Connect with us

Hi, what are you looking for?


‘What did they do to deserve this?’: Mother’s heartbreak at three children killed in besieged Yemen city

Two pickup trucks carrying half a dozen heavily-armed men are onboard to accompany us on our journey into Taiz.

They are there for us all three days that we are in the city. Although there is talk of possible peace in Yemen, the war in Taiz has not stopped.

The city is divided with the Houthi militia ruling one side and government troops controlling the other.

Between Aden, the port city, and Yemen’s third largest city, we have to pass through almost 30 armed checkpoints. The distance is 200km (125 mi). In the days before war, it took about two hours to travel the distance.

Image Alex Crawford, R) in Taiz (Yemen).

Most roads are now blocked by insecurity, fighting or territorial gains.

Only dusty and rocky roads lead to the city, which winds along treacherous mountainside.

The journey involves crossing territories held by both government troops and separatist groups fighting for independence.

Learn more about Yemen

There are still small pockets of Islamic extremists but they’ve been largely neutered in this grinding conflict which has evolved into a regional proxy war, fuelled by Saudi Arabia supporting the internationally-recognised government and Iran which has been backing and arming the Houthi militia.

The journey takes six hours, and traders complain about having to pay fines at multiple checkpoints while transporting essential supplies into Taiz. This has made the journey dangerous and costly.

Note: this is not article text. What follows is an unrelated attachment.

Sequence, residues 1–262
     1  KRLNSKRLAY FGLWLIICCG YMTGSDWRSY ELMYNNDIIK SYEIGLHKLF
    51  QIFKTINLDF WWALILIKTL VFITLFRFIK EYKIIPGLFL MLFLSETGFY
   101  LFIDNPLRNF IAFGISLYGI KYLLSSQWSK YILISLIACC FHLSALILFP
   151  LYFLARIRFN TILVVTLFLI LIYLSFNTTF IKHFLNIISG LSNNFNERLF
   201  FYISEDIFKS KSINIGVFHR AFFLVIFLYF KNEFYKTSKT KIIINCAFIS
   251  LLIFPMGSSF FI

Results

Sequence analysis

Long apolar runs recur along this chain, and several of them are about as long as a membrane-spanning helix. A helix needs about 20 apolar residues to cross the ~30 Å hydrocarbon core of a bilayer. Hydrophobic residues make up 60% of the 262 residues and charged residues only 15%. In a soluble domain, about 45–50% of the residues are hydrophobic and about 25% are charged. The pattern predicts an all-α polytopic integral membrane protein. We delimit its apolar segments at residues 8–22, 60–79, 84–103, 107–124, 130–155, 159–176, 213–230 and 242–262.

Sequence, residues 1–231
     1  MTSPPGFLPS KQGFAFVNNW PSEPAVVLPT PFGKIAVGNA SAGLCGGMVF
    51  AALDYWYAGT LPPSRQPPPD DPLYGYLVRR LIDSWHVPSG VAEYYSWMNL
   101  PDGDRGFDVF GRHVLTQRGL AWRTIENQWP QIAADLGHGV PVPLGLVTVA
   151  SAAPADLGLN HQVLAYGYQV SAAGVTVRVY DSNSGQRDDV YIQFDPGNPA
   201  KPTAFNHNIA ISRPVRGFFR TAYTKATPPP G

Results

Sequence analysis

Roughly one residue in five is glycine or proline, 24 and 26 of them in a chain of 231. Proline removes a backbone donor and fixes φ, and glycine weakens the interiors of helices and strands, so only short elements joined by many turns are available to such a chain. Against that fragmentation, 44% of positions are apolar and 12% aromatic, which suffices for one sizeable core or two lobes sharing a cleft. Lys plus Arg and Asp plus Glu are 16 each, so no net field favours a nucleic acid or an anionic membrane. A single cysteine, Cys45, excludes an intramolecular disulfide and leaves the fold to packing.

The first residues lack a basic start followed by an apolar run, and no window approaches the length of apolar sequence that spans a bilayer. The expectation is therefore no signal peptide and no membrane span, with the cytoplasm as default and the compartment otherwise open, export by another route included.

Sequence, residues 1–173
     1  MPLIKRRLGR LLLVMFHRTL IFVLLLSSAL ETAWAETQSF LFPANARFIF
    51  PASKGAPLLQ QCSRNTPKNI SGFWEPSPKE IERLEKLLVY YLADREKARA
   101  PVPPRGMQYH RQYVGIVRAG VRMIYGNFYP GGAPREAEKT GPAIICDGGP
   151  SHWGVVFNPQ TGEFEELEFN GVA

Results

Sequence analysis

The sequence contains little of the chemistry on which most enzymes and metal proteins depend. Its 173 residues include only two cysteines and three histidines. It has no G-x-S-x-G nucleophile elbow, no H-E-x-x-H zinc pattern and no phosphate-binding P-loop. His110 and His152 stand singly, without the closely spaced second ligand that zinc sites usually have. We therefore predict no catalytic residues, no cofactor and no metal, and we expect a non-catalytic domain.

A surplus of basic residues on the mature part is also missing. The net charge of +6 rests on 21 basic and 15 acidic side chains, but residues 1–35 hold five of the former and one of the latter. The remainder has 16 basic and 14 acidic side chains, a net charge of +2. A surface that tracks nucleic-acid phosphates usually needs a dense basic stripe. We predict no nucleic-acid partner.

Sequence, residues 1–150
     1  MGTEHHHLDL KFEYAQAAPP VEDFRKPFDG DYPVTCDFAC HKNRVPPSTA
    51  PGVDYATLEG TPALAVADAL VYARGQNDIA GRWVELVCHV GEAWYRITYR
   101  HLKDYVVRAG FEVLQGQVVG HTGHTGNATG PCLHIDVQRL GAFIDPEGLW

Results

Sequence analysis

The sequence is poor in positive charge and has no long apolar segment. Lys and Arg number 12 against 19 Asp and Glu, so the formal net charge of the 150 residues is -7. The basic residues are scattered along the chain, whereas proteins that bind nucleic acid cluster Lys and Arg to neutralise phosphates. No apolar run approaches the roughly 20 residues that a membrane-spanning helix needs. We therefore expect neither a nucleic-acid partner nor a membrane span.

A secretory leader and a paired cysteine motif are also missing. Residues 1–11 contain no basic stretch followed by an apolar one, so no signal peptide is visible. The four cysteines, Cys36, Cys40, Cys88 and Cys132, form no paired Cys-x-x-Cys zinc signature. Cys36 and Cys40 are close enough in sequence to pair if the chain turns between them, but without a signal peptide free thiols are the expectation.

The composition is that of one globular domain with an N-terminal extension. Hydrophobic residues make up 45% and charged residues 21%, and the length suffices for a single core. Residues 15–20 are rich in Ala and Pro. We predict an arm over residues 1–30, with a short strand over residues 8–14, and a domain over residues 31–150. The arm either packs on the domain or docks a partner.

The Houthi militia imposed a siege on the city, resulting in slow and painful torture of civilians who remained.

They are in desperate need of food, water, and a means to survive. Many families are found camping in bombed, abandoned buildings close to the frontline that divide the opposing groups.

Mohammed, a father tells us that he had three children during the siege and lived in the basement of an ex-mall.

He says, “Ofcourse, I worry about them safety.” It’s not safe here. However, I keep them in the house as much as possible and warn them to stay inside when they hear the shelling and explosions.

Image Mohammed was the father of three children during the siege
Image Mohammed worries about his children’s safety

Many homes contain rockets and shells that have been embedded in the buildings, but not yet detonated.

All of them tell us about their fear of Houthi-snipers, who set up high-rise buildings to pick off civilians, including children and pensioners.

“I will never leave home”

Qabool Ahmed Ali (about 70 years old) is found in a hospital with an injury from a sniper bullet in her back. She had received the bullet in her arm.

She tells us about her home near the frontline, “I refuse being pushed out of mine home.” “The Houthis kept screaming to me, “Why are you still here crazy woman?” But I will never leave my house.”

Image Qabool Ahmad Ali, 70, was taken in the back

To block snipers’ sight as they move between homes, some of them still have blankets and sheets placed between their houses. To stop cars from moving or attracting gunfire, they have piled sand on streets.